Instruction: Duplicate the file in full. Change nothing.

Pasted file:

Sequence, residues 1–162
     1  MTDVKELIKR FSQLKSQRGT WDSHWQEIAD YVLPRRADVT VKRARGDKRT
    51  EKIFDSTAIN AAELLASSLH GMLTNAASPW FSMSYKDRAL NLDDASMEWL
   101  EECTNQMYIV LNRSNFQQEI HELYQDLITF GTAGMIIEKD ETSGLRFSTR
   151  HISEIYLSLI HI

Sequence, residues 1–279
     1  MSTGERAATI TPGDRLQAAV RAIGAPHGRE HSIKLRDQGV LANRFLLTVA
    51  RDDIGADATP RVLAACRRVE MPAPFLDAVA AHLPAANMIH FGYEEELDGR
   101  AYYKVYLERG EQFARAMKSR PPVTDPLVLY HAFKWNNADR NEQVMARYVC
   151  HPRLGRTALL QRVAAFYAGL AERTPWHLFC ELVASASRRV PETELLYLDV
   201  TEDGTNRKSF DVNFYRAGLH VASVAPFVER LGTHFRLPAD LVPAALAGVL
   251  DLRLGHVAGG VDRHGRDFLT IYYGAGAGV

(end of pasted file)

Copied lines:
Sequence, residues 1–162
     1  MTDVKELIKR FSQLKSQRGT WDSHWQEIAD YVLPRRADVT VKRARGDKRT
    51  EKIFDSTAIN AAELLASSLH GMLTNAASPW FSMSYKDRAL NLDDASMEWL
   101  EECTNQMYIV LNRSNFQQEI HELYQDLITF GTAGMIIEKD ETSGLRFSTR
   151  HISEIYLSLI HI

Sequence, residues 1–279
     1  MSTGERAATI TPGDRLQAAV RAIGAPHGRE HSIKLRDQGV LANRFLLTVA
    51  RDDIGADATP RVLAACRRVE MPAPFLDAVA AHLPAANMIH FGYEEELDGR
   101  AYYKVYLERG EQFARAMKSR PPVTDPLVLY HAFKWNNADR NEQVMARYVC
   151  HPRLGRTALL QRVAAFYAGL AERTPWHLFC ELVASASRRV PETELLYLDV
   201  TEDGTNRKSF DVNFYRAGLH VASVAPFVER LGTHFRLPAD LVPAALAGVL
   251  DLRLGHVAGG VDRHGRDFLT IYYGAGAGV